Sole Proprietorship

The Difference Between A Sole Proprietorship And An LLC

Before we dive into the main differences of an LLC vs Sole Proprietorship we will try to define what each is in order to get a better grasp of how they can be useful to your business. 

What is a Sole Proprietorship?

A Sole Proprietorship is a common and popular way to start a small business but it is not a legal entity such as an LLC or a Corporation. A Sole Proprietorship is not legally separated from its owner and the business owner is solely responsible for all dealings, taxes and liabilities.  

What is an LLC?

An LLC is the most popular business formation as it is inexpensive and relatively simple to set up and run. To set up an LLC you need to file the Articles of Organization with the Secretary of State and create an operating agreement which is an internal document that defines the management roles and how your business will operate. 

Sole Proprietorship vs LLC 

Now that we have quickly defined what a Sole Proprietorship and LLC is we can spot the first obvious difference: a Sole Proprietorship is not a legal entity and is considered an informal business and an LLC is a business entity with legal structure. 

 Apart from this first basic difference we go on to point out the main differences between the two and also describe what kind of a small business model might be a good match for a Sole Proprietorship or an LLC. As well as what factors small business owners should take into consideration when choosing between the two. 

Liability Protection 

The most important difference between an LLC and a Sole Proprietorship is that the former offers limited liability protection to the owner of the business so if someone was to sue your business all of your assets would be protected. On the other hand if you have a Sole Proprietorship you are completely unprotected from liabilities, if the business gets sued the business owner is basically being sued and all of his personal assets are liable.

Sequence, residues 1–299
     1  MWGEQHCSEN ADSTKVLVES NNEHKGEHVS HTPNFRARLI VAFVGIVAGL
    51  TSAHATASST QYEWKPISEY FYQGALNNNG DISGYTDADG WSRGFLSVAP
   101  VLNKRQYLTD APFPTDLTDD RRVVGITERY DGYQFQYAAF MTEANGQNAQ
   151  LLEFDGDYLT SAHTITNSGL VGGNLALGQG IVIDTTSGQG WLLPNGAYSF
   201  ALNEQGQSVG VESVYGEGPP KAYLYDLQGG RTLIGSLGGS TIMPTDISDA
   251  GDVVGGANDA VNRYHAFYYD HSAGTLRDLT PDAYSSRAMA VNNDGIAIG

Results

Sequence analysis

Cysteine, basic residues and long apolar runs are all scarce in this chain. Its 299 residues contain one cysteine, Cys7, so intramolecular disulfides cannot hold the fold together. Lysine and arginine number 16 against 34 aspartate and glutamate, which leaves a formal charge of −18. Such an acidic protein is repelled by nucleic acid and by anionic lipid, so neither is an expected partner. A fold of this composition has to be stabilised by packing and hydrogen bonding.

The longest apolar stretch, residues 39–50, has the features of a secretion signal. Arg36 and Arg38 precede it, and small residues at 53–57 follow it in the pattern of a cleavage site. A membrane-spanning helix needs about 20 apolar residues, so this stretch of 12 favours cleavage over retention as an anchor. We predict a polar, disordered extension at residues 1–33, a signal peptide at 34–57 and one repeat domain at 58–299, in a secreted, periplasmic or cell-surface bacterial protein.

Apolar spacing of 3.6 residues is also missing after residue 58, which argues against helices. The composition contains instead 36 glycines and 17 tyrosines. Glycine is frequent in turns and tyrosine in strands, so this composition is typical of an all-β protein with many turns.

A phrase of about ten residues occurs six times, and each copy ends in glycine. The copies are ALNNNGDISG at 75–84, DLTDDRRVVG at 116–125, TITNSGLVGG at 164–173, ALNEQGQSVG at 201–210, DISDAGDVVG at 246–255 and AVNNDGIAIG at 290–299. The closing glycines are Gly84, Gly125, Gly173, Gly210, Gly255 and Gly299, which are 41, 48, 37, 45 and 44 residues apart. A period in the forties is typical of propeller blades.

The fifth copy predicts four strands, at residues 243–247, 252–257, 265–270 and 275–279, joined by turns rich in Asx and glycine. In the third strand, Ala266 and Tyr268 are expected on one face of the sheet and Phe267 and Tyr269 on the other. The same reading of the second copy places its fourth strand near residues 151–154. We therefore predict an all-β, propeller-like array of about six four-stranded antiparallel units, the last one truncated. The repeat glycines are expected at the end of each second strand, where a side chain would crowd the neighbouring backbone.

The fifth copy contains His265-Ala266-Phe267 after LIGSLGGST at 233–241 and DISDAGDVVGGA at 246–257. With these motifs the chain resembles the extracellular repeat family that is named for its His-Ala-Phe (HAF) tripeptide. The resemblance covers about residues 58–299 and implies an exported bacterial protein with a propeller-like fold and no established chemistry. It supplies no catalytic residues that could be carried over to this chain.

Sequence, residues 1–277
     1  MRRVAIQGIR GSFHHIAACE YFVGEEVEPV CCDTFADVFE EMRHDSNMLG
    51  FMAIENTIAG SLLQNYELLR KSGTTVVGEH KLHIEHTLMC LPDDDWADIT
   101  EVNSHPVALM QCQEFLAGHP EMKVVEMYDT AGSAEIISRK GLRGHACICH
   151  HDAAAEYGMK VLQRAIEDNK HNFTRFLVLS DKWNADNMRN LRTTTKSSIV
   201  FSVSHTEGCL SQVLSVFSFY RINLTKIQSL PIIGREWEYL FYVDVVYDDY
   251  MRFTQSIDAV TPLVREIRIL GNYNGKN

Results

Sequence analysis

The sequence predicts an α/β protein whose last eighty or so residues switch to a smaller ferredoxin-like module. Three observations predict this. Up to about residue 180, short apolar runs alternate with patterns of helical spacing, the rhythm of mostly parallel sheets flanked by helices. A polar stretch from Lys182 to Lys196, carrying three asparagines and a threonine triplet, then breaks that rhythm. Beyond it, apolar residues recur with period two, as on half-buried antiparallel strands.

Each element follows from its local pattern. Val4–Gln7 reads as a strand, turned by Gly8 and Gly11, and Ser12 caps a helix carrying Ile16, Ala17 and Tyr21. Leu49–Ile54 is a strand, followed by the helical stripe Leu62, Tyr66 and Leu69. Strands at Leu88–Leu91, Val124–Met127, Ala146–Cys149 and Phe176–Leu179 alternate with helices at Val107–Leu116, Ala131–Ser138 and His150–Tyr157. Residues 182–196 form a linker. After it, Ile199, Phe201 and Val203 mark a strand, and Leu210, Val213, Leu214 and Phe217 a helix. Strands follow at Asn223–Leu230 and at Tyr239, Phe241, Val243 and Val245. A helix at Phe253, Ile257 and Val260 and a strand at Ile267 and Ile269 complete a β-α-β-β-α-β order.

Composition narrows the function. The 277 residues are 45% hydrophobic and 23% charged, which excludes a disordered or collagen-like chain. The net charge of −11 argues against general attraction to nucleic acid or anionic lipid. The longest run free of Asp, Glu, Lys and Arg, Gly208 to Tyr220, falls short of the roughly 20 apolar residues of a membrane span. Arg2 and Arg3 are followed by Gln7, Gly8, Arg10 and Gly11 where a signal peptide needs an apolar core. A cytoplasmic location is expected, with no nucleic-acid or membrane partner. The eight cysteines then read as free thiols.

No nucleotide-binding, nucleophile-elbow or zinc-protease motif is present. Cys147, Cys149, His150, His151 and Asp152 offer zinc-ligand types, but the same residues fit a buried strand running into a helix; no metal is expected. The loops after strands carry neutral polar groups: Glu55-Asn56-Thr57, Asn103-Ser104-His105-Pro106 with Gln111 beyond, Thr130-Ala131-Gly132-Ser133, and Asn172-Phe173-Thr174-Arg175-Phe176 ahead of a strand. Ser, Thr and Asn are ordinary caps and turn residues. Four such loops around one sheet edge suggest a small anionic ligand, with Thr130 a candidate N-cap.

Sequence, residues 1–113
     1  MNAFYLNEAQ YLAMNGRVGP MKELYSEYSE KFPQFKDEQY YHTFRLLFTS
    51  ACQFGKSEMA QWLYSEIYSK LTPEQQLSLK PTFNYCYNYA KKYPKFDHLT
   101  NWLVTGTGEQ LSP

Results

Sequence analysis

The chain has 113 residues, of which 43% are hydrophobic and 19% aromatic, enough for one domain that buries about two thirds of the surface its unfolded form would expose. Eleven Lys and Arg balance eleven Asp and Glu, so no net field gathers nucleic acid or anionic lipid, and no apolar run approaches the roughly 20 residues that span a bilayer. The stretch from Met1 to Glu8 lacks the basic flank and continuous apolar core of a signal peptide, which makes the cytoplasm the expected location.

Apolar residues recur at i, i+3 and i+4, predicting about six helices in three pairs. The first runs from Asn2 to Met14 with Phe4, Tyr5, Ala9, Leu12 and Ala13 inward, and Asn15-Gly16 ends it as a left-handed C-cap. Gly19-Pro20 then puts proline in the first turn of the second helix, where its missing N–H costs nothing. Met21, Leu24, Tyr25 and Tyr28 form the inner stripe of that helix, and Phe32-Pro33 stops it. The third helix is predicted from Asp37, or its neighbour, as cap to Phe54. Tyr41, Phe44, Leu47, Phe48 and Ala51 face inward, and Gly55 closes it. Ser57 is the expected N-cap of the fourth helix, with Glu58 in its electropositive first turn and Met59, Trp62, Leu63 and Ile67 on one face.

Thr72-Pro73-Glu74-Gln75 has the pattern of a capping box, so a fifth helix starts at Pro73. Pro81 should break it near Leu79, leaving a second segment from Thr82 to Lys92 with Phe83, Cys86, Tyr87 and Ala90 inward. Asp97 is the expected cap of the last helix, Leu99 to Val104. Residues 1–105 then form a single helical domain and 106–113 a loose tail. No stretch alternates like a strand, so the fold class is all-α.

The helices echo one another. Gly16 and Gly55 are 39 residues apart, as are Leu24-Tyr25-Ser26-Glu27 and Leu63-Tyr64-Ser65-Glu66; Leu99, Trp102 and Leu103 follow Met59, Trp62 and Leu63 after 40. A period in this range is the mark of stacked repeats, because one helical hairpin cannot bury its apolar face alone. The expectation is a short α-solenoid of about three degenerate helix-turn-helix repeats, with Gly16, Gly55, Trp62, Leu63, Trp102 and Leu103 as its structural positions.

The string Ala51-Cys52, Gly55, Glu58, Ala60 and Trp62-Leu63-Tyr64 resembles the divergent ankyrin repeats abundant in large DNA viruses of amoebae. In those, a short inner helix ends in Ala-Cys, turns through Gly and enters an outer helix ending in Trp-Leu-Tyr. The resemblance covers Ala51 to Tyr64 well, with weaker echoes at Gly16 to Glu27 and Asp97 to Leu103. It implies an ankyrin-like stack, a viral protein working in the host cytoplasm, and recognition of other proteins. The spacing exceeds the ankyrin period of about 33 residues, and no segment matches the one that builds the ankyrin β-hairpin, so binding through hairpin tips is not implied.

Business Tip: A Sole Proprietorship is a good fit for businesses that are not high risk with liability, meaning that the industry your business is in is unlikely to get sued. Also it is more suitable for small business ventures that do not expect to make a big profit at least in the beginning. 

Pass-Through Taxation 

Both an LLC and a Sole Proprietorship have the same kind of taxation, all of the income to the business passes through to the personal income of the business owner and is taxed on their personal income tax return. 


Regarding the name of your business and what options you have a Sole Proprietorship has restrictions as to what name you can use for your business. Your business’s legal name must be the same as your surname. The only way around this is by appointing a DBA, if that is possible in the state you are in, and then changing your legal name to your Doing Business As name. 

On the other hand, an LLC does not need to use their business owners surname as their brand name; they can use their legal name as their brand name without needing to file for a DBA. 

Formation Cost 

The cost of forming a Sole Proprietorship is very minimal – you do not need to file any documents with the Secretary of State as it is not a legal entity. The cost goes up considerably if you intend on forming a DBA to help brand your Sole Proprietorship. On the other hand, setting up and running an LLC is also quite inexpensive and the filing process is simple. 

If you want to find out more about the differences and similarities of an llc vs sole proprietorship and even get some guidance on how to set up your own LLC or Sole Proprietorship have a look at the TRUiC website and access their extensive database filled with guides and useful tips for small businesses.